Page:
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Ostriches on the run as Metro Manila goes into coronavirus lockdown

On the first morning of Metro Manila’s strict coronavirus restrictions on Tuesday, Filipinos opened their social media accounts to discover the strangest lockdown violators yet: two ostriches on the loose, one of them being chased by a goat.

Dino Rivera, a resident of Mapayapa Village 3 subdivision in Quezon City, said he was buying food when he saw an ostrich running down the street. He shot a video of the large bird running after a car and posted it on Facebook.

Another resident, Mark Lawrence Molina Umipig, recorded the ostrich running towards a subdivision gate. It stopped when a security guard lowered the barrier and called out in Tagalog, “you don’t have an ID, you can’t leave”. Only those with passes and permits are allowed out of their residences during the region’s Modified Enhanced Community Quarantine, which will be in place until August 18.

The ostrich turned around and ran a few metres before stopping and walking back to the gate. The guard told it firmly, “I said, you don’t have a gate pass, you can’t leave”. It then turned around again and ran away.

By then, the first video had been shared widely on Facebook and Twitter, with comments like “even ostriches are out looking for help” and “even an ostrich wants to escape from this country”.

https://twitter.com/dearscarjames/status/1290522689338109952?s=20

People started setting the video of the fleeing bird to music and the inevitable references were made to the movie Jumanji, about an enchanted board game that summons wild animals.
Another video, shot from inside a car, showed a group of men subduing the ostrich. The person shooting the scene then swept the camera around and was startled to see another ostrich running down the street.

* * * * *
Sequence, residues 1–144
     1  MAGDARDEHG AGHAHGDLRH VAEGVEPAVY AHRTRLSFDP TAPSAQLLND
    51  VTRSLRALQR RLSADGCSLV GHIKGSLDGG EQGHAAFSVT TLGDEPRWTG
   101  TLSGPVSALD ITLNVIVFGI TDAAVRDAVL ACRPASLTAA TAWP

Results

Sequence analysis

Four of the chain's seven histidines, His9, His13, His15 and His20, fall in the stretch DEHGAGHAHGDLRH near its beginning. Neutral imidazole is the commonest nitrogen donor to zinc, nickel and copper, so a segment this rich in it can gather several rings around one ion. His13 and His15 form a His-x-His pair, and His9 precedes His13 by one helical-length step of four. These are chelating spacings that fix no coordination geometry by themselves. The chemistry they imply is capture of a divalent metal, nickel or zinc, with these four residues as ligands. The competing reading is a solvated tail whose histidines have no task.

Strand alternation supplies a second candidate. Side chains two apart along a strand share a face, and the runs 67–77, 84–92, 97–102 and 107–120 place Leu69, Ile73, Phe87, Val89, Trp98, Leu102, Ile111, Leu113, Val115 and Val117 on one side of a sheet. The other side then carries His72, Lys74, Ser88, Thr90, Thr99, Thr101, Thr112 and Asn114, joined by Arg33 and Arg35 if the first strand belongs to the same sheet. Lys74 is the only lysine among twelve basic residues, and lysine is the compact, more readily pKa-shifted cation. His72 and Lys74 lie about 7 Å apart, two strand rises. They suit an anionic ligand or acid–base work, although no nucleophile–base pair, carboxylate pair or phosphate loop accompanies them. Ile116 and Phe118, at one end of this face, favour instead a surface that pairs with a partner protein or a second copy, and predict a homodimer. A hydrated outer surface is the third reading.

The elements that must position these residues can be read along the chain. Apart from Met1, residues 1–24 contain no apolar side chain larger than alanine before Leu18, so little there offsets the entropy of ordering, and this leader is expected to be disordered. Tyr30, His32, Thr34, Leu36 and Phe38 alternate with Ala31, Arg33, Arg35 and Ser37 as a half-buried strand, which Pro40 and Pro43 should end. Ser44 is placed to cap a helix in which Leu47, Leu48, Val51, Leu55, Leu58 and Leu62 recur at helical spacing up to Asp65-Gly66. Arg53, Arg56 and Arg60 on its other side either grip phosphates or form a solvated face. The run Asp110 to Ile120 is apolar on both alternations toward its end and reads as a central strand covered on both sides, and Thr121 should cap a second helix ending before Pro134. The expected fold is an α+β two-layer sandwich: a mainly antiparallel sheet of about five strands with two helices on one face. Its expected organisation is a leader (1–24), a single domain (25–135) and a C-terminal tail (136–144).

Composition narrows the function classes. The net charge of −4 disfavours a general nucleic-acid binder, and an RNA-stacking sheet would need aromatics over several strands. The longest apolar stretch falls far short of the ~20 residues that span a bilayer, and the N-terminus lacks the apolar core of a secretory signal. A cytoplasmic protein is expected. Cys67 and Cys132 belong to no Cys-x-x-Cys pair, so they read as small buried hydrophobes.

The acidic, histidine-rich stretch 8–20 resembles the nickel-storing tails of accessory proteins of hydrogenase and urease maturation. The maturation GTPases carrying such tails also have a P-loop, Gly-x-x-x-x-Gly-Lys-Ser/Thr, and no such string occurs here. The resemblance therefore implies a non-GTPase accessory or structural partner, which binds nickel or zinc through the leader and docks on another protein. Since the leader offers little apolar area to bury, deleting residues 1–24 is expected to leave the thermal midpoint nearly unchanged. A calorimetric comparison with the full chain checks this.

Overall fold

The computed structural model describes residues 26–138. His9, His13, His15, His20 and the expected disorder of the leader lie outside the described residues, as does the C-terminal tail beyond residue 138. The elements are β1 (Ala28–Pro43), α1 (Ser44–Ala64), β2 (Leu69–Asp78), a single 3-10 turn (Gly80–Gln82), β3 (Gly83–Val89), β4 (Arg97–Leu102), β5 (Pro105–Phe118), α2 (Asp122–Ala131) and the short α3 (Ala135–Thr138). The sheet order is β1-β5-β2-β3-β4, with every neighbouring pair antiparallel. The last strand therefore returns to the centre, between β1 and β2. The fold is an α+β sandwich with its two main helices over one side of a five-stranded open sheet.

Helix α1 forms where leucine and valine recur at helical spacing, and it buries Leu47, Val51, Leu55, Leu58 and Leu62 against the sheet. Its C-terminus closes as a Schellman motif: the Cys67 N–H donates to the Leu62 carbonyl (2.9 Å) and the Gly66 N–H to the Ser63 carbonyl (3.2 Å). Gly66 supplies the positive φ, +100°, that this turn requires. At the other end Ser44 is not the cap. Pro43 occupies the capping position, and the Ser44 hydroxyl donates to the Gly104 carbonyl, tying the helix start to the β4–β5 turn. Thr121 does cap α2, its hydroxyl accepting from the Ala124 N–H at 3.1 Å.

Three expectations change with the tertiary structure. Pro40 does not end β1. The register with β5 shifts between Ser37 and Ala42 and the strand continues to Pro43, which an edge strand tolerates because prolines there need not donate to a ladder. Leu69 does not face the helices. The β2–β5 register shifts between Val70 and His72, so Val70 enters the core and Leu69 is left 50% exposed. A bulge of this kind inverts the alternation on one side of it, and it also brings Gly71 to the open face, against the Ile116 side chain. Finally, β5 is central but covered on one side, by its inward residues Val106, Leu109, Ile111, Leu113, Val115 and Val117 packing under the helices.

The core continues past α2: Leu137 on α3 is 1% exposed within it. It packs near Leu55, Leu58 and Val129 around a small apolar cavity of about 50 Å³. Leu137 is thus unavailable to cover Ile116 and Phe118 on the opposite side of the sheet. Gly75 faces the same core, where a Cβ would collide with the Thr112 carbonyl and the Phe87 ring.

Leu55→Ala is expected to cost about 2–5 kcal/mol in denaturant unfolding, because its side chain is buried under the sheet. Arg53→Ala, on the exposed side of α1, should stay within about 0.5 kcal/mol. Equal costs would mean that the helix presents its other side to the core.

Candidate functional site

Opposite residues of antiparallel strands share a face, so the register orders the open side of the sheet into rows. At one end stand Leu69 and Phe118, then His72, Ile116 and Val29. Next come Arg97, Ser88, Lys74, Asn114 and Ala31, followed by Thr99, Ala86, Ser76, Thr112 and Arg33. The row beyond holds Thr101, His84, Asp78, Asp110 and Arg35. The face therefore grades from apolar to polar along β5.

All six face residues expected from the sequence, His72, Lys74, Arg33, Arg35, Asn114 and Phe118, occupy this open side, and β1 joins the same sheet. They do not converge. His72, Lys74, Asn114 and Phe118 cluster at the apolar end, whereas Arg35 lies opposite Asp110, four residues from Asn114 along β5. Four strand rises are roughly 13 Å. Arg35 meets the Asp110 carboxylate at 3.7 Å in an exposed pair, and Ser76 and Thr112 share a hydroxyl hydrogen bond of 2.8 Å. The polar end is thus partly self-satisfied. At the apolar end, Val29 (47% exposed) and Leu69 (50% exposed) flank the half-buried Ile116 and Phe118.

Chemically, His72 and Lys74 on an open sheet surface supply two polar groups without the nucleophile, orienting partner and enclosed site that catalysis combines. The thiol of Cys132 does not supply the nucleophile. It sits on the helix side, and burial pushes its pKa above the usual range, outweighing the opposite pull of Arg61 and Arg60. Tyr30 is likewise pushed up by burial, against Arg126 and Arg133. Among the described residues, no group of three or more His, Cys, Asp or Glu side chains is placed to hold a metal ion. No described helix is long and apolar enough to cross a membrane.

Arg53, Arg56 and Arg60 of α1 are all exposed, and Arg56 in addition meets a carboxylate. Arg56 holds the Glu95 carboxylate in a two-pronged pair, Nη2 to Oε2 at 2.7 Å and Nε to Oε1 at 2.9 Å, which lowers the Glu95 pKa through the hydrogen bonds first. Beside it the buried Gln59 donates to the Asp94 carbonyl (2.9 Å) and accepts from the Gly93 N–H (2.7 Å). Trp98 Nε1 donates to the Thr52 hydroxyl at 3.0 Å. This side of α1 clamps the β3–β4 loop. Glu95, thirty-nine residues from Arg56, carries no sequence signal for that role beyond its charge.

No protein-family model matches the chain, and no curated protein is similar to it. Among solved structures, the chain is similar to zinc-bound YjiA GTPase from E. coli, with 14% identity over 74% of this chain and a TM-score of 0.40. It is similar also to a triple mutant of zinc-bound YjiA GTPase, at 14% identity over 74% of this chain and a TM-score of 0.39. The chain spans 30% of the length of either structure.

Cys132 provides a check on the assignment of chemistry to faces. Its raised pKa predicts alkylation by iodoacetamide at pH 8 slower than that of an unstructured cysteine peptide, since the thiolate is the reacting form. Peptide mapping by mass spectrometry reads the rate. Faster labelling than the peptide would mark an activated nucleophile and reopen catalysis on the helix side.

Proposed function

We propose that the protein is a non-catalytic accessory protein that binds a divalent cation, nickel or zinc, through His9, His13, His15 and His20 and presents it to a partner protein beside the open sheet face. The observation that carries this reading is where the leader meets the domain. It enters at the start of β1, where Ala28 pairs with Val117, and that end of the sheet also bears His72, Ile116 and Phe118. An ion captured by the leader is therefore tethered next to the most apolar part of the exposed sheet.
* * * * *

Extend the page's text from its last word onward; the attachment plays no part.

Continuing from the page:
A village association officer, who asked not to be identified, said the two ostriches had run around the neighbourhood until they were caught by security guards.

The association was unaware there were ostriches in the subdivision and is trying to ascertain how many there were.

According to the source, the giant birds were housed in a fenced lot and got out accidentally. The owner of the lot is currently out of town.

After the videos came out, a Department of Environment and Natural Resources official arrived but was prevented from entering the village.

The association officer said they could not take any action before the owner returned, “because he might have proper papers”.

Asked about the association’s policy on pets, the source said dogs were allowed but cats were not. Some residents also keep fighting cocks. “I can see them in the lots, but they don’t bring them out.”

And the officer hopes there are no pet snakes. “Because if there are, I’ll be the first to report it to the authorities.”

This article was first published in South China Morning Post.


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